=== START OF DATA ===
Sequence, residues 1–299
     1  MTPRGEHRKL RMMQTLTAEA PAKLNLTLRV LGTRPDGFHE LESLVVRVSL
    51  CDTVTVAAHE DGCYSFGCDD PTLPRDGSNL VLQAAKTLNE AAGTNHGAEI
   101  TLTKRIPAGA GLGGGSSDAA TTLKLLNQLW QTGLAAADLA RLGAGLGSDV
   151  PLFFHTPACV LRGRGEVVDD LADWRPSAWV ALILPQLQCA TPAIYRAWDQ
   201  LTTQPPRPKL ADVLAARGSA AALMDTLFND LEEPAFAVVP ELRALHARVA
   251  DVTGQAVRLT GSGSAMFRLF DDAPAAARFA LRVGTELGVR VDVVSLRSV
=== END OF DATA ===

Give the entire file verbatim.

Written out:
Sequence, residues 1–299
     1  MTPRGEHRKL RMMQTLTAEA PAKLNLTLRV LGTRPDGFHE LESLVVRVSL
    51  CDTVTVAAHE DGCYSFGCDD PTLPRDGSNL VLQAAKTLNE AAGTNHGAEI
   101  TLTKRIPAGA GLGGGSSDAA TTLKLLNQLW QTGLAAADLA RLGAGLGSDV
   151  PLFFHTPACV LRGRGEVVDD LADWRPSAWV ALILPQLQCA TPAIYRAWDQ
   201  LTTQPPRPKL ADVLAARGSA AALMDTLFND LEEPAFAVVP ELRALHARVA
   251  DVTGQAVRLT GSGSAMFRLF DDAPAAARFA LRVGTELGVR VDVVSLRSV